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Thursday, Apr 18, 2002

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Pecking order shuffled

S. Murlidharan

S. Murlidharan on the first-mover advantage in recovery proceedings

FIRST-MOVER advantage is a phrase that normally does triumphant rounds in the advertising circles, in particular, and the marketing world, in general. These days, however, it resonates either gloomily or with verve in the circle of pensive pinstripe moneylenders too. For, under the Recovery of Debts due to Banks and Financial Institutions Act, 1993 (the Debt Recovery Law or DRL), the bank or financial institution that forges ahead (thanks perhaps to fortuitous circumstances) of other claimants from the same fraternity, may leave the late entrants holding the can.

In Allahabad Bank vs Canara Bank (2000 37 CLA 293), the apex court held that the bank or institution that obtains a certificate of recovery from the Tribunal need not share its good fortune with a Johnny-come-lately. What happened in the case was briefly this. Allahabad Bank and Canara Bank, amongst others, had extended credit to the discredited M. S. Shoes Ltd that was in the news in the late 1990s for the wrong reasons. Allahabad Bank approached the Debt Recovery Tribunal. So did Canara Bank not jointly but on its own. And this, in hindsight, proved to be its undoing. Allahabad Bank got the relief it wanted — it was issued the certificate of recovery.

Canara Bank demanded to share the good fortune of Allahabad Bank. But the Supreme Court rejected this claim on the ground that it was too late in the day. It was pointed out that Canara Bank could have, in terms of Section 19(2) of the DRL, joined Allahabad Bank's application, but this it should have done before the final order was passed by the Tribunal.

DRL should not play hide and seek with the harried lenders.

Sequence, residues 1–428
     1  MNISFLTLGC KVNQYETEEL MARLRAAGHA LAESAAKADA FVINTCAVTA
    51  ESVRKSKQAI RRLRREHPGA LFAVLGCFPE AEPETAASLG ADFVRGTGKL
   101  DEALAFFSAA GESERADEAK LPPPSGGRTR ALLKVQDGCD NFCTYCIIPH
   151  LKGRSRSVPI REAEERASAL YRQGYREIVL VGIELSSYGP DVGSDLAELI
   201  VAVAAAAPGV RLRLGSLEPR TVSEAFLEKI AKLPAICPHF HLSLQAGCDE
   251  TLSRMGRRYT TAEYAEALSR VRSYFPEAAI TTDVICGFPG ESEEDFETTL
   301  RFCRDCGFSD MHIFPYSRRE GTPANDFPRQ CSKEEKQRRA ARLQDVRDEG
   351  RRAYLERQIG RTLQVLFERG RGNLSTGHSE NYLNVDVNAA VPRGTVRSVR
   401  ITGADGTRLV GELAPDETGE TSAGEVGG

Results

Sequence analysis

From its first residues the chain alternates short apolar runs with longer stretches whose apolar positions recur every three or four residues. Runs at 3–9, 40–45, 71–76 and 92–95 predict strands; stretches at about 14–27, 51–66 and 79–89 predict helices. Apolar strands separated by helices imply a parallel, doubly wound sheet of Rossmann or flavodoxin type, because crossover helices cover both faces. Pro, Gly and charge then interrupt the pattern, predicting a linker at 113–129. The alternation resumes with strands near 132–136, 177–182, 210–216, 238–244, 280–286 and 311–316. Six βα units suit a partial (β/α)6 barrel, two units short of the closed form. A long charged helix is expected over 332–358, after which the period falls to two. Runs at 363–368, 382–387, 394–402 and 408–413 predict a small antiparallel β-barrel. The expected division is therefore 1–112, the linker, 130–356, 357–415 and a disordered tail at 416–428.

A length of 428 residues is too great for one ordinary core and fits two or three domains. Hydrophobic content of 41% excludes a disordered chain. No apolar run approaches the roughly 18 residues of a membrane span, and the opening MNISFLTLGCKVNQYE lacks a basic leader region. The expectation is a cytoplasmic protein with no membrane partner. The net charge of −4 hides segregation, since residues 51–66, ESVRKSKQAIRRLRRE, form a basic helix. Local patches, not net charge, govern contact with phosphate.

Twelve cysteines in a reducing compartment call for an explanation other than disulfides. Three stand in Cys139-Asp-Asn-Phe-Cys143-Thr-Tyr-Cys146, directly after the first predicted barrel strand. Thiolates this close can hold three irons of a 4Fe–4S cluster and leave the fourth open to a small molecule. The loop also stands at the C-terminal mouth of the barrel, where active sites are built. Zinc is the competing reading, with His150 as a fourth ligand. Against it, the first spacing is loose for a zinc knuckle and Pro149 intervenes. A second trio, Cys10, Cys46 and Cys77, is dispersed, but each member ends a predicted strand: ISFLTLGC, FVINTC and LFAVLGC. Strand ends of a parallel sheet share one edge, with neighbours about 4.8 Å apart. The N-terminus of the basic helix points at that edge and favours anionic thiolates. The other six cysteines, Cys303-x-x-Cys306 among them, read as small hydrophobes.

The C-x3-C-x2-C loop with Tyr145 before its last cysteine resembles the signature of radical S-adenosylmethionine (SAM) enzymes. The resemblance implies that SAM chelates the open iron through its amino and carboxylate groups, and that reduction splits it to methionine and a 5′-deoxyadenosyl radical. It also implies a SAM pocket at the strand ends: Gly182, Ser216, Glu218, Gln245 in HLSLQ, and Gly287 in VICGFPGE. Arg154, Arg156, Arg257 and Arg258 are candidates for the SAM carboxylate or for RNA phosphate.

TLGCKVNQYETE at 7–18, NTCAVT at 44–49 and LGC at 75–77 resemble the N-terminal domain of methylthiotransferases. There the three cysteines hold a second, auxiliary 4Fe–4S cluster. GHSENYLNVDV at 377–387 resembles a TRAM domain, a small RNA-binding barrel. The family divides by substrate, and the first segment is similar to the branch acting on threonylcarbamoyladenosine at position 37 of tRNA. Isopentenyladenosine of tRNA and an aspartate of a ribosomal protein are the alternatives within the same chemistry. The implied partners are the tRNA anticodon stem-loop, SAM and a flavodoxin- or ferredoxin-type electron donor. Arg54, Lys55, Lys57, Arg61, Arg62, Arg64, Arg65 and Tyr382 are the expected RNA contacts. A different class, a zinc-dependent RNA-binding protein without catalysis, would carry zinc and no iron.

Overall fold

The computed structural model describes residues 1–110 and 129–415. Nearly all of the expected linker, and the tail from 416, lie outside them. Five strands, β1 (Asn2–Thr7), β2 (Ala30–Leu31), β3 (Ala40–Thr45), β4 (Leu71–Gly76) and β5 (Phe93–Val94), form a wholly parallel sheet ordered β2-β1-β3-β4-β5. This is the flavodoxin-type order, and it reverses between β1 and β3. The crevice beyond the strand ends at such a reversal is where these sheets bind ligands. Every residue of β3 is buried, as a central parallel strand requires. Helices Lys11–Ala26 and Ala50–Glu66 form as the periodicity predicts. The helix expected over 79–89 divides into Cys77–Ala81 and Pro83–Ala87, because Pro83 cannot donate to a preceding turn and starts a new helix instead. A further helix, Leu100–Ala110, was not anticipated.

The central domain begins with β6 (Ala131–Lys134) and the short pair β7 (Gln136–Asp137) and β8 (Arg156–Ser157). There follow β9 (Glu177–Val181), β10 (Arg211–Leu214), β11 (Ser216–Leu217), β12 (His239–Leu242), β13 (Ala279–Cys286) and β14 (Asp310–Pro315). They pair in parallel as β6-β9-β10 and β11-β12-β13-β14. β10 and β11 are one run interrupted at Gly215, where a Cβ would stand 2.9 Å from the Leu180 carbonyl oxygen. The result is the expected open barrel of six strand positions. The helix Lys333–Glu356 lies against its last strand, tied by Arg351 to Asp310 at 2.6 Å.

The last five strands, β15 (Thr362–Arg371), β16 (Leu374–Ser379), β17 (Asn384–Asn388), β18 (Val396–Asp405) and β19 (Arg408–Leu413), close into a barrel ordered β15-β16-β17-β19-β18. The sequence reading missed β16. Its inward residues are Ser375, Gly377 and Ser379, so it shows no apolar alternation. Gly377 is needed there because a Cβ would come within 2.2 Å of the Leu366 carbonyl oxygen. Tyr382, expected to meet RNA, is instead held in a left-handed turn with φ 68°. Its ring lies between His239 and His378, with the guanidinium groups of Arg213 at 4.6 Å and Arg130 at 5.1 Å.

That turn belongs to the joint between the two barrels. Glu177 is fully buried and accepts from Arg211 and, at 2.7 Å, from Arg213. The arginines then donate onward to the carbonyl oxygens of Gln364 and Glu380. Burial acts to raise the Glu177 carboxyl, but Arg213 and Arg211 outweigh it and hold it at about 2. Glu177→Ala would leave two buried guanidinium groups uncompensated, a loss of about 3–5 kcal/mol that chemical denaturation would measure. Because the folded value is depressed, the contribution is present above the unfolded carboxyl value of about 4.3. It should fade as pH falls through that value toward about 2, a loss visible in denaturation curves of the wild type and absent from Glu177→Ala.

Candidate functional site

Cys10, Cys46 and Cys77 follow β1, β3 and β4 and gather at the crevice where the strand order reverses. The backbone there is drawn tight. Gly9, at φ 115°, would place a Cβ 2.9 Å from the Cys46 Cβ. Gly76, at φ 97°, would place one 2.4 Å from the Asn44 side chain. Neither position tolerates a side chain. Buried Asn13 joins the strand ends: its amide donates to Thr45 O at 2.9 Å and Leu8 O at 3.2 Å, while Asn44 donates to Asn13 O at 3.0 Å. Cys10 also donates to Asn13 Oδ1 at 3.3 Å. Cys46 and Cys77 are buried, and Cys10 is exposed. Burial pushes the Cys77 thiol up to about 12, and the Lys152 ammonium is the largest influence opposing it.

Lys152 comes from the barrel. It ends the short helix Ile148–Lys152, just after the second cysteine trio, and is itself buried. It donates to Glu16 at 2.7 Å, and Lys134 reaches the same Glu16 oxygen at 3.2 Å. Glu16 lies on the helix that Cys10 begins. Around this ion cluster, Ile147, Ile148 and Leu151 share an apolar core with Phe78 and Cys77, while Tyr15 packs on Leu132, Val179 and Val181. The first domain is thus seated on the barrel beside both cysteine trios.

In the absence of conspicuous newspaper advertisements, it would be unfair to expect banks and financial institutions to apply to be impleaded in an existing pending application. At any rate, one can apply, under the DRL, only after one's dues from the defaulter have crossed the Rs 10-lakh threshold. The upshot of this dispensation could be that the DRL may quite involuntarily prefer one bank or institution to another. What is more, it may also so happen that the early bird harbouring unsecured debts may walk away with the kernel, leaving the latecomer in the lurch despite holding security. Given the absence of effective and expeditious foreclosure laws, even secured creditors have started making a beeline to Debt Recovery Tribunals, which hold the promise of quicker redressal.

True, the DRL, in terms of Section 19(19), enjoins the Tribunal not to have a blinkered view if the borrower happens to be a company. But as pointed out by the Supreme Court in the case under reference, the utility of this section is extremely limited — it helps workmen to some extent and to a lesser extent secured creditors to the extent such workmen, riding piggyback on them (thanks to Section 529A of the Companies Act), displace their security.

DRL incidentally happens to override the provisions of the Companies Act, 1956, except to the limited extent it borrows the order of preference spelt out in Section 529A. Under Section 446 of the Companies Act, in the case of companies that are being wound up, the winding up court gets the jurisdiction to try all suits against the company. This is as it should be. Because, when the liquidator attempts to put together the bits and pieces, as it were, he should not be subjected to diverse pulls and pressures from near or distant quarters. If, however, an application is pending before the Debt Recovery Tribunal in respect of a company in liquidation, the winding up court, and by extension the liquidator, can do precious little except await the order of the Tribunal.

That the order of the Tribunal may upset the pecking order of disbursements laid down for insolvency proceedings does not seem to have weighed with Parliament while making the DRL nor with the draftsman while drafting the Companies (Amendment) Bill, 2001, which among other things proposes to change the presiding deity of winding-up proceedings — the National Company Law Tribunal instead of High Courts. Sick companies, which are as it is mollycoddled by a special enactment called Sick Industrial Companies (Special Provisions) Act, 1985, will however lose their invincibility when it comes to recovery proceedings — the Bill gives a quietus to SICA that spells the end of such immunity and invincibility.

Sick industrial companies will, if and when the Bill becomes law, come under the DRL lens. But if they are indeed stretcher cases, very little can be extracted from them by the Tribunals. The Tribunals, of course, will have a tough task calling the bluff of malingerers.

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